Good news has emerged regarding the potentially harmful side effects of cannabis on a young demographic of smokers.
A recent meta-analysis published in JAMA Psychiatry suggests that the association between cannabis use and cognitive deficits in youth may be “overstated.”
Researchers from the University of Pennsylvania conducted a systematic review of 69 studies that documented the implications of frequent cannabis use in adolescents and young adults. A comparison of frequent-to-heavy users and their minimal-user counterparts showed only a small difference in cognitive function across a variety of tests which “may be of questionable clinical importance for most individuals.”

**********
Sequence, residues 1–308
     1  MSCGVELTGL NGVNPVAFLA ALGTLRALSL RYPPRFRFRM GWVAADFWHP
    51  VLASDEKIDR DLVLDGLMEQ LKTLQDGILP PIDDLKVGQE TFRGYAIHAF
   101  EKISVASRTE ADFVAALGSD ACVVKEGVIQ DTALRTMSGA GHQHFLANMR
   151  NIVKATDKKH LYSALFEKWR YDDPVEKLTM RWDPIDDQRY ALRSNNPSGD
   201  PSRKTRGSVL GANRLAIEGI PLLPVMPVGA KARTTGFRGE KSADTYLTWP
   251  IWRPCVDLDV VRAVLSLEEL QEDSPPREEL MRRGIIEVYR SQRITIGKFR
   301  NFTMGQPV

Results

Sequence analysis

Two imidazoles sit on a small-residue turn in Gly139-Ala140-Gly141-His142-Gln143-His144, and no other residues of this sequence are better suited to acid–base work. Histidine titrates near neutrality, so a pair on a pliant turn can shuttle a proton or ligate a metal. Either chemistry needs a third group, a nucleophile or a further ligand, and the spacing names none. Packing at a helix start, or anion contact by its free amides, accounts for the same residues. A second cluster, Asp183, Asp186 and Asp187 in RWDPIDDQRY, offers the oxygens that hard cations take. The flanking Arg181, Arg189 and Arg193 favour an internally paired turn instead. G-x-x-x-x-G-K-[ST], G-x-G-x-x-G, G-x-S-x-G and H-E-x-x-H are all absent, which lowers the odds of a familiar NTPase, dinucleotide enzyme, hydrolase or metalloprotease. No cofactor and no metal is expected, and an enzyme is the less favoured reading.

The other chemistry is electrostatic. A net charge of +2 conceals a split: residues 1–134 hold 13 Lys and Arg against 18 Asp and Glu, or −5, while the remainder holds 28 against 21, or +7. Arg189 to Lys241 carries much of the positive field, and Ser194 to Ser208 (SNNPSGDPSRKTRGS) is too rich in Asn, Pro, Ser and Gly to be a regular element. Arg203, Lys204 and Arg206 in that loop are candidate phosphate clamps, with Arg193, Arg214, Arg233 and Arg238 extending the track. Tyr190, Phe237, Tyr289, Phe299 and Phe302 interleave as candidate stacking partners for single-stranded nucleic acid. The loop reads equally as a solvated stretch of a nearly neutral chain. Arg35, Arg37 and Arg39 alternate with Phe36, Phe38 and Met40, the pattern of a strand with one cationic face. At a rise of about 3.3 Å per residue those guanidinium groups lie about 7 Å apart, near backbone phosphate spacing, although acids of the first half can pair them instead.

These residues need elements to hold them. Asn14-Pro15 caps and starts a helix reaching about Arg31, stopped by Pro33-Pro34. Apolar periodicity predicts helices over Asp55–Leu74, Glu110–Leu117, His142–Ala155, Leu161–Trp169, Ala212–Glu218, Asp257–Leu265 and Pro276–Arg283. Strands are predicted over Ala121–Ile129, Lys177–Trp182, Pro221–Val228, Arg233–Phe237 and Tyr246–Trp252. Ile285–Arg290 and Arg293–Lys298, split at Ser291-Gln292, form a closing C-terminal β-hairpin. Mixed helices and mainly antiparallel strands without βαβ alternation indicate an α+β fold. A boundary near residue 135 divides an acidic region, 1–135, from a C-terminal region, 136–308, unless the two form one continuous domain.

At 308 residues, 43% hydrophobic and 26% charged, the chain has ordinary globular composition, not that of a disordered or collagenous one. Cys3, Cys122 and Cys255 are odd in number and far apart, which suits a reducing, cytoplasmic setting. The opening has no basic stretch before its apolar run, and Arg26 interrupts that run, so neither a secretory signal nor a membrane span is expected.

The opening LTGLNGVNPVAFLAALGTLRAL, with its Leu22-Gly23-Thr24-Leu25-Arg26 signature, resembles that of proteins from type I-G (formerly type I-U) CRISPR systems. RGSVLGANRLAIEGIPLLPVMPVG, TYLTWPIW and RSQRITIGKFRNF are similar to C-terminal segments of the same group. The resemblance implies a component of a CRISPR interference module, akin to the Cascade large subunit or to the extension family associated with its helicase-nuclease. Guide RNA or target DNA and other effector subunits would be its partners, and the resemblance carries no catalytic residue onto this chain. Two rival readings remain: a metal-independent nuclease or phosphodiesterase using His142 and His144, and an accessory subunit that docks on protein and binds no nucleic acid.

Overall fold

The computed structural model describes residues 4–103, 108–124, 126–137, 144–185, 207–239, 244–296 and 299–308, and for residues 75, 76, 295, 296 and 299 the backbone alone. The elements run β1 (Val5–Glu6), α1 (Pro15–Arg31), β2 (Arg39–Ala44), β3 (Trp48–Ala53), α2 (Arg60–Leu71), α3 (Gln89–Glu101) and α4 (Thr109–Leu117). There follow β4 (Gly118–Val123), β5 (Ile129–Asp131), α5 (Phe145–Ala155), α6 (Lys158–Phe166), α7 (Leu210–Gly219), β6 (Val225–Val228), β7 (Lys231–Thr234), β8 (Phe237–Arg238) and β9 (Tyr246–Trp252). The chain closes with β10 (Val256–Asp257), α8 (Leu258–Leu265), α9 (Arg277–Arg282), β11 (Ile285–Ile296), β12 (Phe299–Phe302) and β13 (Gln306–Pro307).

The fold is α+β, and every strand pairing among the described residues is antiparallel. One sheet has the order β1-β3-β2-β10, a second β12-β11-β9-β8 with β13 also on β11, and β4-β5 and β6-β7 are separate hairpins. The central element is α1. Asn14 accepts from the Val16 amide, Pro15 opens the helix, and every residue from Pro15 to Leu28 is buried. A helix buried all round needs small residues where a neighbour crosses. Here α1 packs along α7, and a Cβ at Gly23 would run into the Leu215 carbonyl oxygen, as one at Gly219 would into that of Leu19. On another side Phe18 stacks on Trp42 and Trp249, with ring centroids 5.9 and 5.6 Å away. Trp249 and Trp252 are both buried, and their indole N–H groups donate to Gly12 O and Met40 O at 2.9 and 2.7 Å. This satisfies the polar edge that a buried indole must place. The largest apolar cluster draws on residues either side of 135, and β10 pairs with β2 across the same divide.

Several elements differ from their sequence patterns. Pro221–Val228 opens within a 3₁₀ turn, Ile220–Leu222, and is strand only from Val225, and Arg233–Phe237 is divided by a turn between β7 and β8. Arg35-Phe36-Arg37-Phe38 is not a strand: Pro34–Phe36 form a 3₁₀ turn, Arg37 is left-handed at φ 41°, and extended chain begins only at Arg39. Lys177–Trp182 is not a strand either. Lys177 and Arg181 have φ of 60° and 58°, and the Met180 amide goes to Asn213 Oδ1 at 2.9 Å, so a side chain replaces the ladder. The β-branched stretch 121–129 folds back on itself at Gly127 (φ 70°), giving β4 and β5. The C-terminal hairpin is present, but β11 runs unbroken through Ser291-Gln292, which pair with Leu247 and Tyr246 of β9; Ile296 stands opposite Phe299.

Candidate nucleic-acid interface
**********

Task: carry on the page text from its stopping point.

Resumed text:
Of particular interest is that the differences were no longer significant after a 72-hour period of abstinence. It is important to note that other outcomes such as psychosis were not examined.
This analysis offers a different discourse than what has previously been stated about the connection between cannabis and cognitive function, particularly in young people. The image of the “stoner burnout” is slowly losing traction as a new profile of the typical pot-smoker emerges.
The implications of these findings are important as we move towards legalization and away from the stigmas against cannabis. It will be interesting to see how public opinion changes when new legislation takes effect and cannabis distribution more closely resembles alcohol.
The purpose of the research is not to encourage cannabis consumption but rather to facilitate a dialogue that will allow for a fair investigation into cannabis as a viable recreational and medical substance.